Sunday, February 23, 2020

Review: "Two Steps Forward" by Suzanne Woods Fisher

Let me start this out Hank Lapp syle: IT'S FINALLY JIMMY FISHER'S TURN!!!

Jimmy Fisher has long been a recurring character in Suzanne Woods Fisher's novels set in the Stoney Ridge Amish community, and I'm so glad it's finally his turn to grow up and find love.

Back and broke in Stoney Ridge, Jimmy Fisher has coasted as long as he could through life on charm, good looks, and deep-set dimples. They always worked just fine for him--until they didn't. His smile has no effect on the violet-eyed beauty he met at the Bent N' Dent, the one with that stunning horse. She's offered him a job, but nothing else.

The last thing Sylvie Schrock King needs around Rising Star Farm is a grown boy working for her, especially her neighbor Edith's son. The woman holds a serious grudge against Sylvie and her son, and hiring Jimmy Fisher will only fan the flames of Edith's rancor. But Sylvie is desperate for help on the farm, and Jimmy understands horses like no one else.

While Jimmy's lazy smile and teasing ways steal Sylvie's heart, Edith is working on a way to claim her land. Has Sylvie made another terrible mistake? Or is it too late to outfox the fox? More importantly . . . just who is the fox?

Writing with both wit and warmth, Fisher delivers a supremely satisfying conclusion to the popular Deacon's Family series.

While I'm not a fan of Amish novels in general, I'm always up for a return to Stoney Ridge! And the fact that this book is largely about Jimmy Fisher, first introduced clear back in the Stoney Ridge Seasons series, just made Two Steps Forward more attractive to me.

Upon his return to Stoney Ridge, Jimmy immediately meets widow Sylvie Schrock King, who owns the farm next to Jimmy's mother Edith and stepfather Hank's and is despised by Edith. When Sylvie offers Jimmy a job, he accepts—partly to help Sylvie, and partly to spite his mother. As the two get to know each other, they grow close ... but Jimmy's aversion to commitment might ruin their relationship before it even starts.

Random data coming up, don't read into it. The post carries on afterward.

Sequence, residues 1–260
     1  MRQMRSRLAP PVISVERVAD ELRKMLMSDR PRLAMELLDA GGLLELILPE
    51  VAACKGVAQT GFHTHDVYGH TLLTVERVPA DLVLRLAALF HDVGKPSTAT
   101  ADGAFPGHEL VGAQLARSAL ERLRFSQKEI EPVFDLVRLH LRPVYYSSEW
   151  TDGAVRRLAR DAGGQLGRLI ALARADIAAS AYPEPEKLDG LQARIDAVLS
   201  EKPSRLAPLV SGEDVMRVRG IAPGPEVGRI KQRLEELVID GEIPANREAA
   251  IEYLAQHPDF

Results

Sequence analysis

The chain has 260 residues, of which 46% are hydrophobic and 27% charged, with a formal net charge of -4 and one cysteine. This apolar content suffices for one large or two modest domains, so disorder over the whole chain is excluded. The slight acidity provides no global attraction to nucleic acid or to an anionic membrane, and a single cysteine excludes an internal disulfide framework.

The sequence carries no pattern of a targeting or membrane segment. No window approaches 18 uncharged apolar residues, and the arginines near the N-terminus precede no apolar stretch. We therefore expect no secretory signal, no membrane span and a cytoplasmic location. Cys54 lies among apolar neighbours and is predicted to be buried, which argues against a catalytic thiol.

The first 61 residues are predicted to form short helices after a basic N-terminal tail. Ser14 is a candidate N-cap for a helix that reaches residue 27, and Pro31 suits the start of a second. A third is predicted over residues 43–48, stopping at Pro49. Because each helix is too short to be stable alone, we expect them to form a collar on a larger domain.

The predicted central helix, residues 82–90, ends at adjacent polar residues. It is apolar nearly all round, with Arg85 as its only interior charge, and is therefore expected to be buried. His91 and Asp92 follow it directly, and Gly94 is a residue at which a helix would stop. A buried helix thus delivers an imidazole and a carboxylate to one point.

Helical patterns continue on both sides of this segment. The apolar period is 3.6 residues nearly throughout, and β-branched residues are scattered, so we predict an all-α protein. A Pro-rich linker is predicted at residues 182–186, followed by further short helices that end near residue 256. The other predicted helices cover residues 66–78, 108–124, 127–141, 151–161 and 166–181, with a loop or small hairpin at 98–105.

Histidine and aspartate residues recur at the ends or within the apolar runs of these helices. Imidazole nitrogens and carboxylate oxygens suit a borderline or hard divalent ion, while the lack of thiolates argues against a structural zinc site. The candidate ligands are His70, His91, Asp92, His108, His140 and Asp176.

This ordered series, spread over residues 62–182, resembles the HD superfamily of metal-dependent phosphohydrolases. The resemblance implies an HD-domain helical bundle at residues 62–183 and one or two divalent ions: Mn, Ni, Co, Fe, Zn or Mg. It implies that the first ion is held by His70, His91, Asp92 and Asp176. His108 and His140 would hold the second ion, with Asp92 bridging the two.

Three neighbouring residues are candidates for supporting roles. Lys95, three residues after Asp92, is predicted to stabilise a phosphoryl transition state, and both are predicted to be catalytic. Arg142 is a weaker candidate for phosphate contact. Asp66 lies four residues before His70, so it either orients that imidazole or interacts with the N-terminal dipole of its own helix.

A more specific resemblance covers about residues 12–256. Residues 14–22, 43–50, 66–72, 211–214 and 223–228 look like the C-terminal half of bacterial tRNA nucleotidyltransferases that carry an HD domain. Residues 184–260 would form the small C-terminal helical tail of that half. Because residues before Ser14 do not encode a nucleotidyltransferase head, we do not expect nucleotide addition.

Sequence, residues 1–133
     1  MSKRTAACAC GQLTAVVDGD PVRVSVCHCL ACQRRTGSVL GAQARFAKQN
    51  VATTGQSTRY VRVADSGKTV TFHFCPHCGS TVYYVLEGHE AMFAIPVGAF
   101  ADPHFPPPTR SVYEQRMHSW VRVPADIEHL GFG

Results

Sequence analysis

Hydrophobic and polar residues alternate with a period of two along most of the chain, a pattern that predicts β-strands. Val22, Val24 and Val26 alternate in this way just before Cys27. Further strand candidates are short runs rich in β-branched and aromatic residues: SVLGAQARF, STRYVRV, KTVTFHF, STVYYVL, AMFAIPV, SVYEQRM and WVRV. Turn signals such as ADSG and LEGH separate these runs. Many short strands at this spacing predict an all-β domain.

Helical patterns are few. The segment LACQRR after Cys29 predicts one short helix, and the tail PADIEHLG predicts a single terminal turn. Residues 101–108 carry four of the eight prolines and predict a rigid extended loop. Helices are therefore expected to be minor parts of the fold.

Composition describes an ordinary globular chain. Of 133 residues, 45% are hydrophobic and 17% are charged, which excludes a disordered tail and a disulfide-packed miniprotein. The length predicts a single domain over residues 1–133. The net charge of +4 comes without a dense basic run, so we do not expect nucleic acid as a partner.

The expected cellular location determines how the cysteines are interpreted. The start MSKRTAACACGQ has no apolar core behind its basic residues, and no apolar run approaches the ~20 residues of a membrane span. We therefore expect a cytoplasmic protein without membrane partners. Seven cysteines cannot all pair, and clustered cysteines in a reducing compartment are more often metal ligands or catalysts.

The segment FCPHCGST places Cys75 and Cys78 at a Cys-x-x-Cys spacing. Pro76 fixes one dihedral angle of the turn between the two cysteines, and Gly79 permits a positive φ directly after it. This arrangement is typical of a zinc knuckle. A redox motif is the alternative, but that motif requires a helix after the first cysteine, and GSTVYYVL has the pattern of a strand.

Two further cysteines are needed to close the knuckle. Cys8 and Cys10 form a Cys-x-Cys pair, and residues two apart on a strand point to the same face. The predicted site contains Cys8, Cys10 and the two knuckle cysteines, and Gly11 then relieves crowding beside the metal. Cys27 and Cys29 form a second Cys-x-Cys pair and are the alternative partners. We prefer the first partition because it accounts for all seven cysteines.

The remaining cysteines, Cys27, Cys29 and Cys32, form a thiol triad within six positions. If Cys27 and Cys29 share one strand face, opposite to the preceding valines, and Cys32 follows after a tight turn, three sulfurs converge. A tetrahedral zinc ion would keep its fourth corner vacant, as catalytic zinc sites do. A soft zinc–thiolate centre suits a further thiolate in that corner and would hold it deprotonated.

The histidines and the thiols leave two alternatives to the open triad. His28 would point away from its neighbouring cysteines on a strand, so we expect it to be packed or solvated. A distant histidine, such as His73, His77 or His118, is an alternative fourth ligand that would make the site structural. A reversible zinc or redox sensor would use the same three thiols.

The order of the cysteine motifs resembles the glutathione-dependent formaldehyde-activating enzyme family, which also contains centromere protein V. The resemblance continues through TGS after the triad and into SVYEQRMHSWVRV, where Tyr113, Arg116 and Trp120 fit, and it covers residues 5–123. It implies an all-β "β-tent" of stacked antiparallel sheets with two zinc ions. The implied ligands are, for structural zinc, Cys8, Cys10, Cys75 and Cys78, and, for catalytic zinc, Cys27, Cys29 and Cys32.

While Jimmy and Sylvie are the "A" story, the "B" story belongs to Luke & Izzy Schrock, who fell in love in the first book in this series. While I enjoyed Jimmy and Sylvie, I actually found myself more engaged with Luke and Izzy as they navigated infertility and a shared quest to save babies who might otherwise be aborted. The resolution to their story had a "wow, that's convenient" feel to it, but it was also so touching that I really didn't mind!

Also, Edith Fisher Lapp has a touching arc in this novel that I really enjoyed. At times, the book seemed to move a little slowly, but overall I really enjoyed this return to Stoney Ridge. 4 stars.

Note: While those who've read at least the other novels in the Deacon's Family series will probably enjoy this book the most, Fisher does include a very helpful character list that introduces the major characters and tells what book they first appeared in.

Buy the book (affiliate link).
Read my reviews of The Deacon's Family novel Mending Fences (4 stars); The Bishop's Family series: The Imposter (5 stars), The Quieting (5 stars), and The Devoted (5 stars); Inn at Eagle Hill series: The Letters (3-1/2 stars), The Calling (5 stars), The Rescue (novella: 4-1/2 stars), The Revealing (5 stars); her Stoney Ridge Seasons series: The Haven (4-1/2 stars), The Lesson (4-1/2 stars); her Christmas books: A Lancaster County Christmas and Christmas at Rose Hill Farm (4-1/2 stars), and her Amish Beginnings novel: Anna's Crossing (4-1/2 stars).

Suzanne Woods Fisher is an award-winning, bestselling author of more than two dozen novels, including the Nantucket Legacy, Amish Beginnings, The Bishop’s Family, and The Inn at Eagle Hill series. She is also the author of several nonfiction books about the Amish, including Amish Peace and The Heart of the Amish. She lives in California. Learn more at and follow Suzanne on Facebook @SuzanneWoodsFisherAuthor and Twitter @suzannewfisher.

Disclosure of Material Connection: I received this book free from the publisher. I was not required to write a positive review. The opinions I have expressed are my own. Also, some of the links in this post are affiliate links. This means if you click on a link and make a purchase, I will receive a small commission. I am disclosing this in accordance with the Federal Trade Commission's 16 CFR, Part 255: "Guides Concerning the Use of Endorsements and Testimonials in Advertising."

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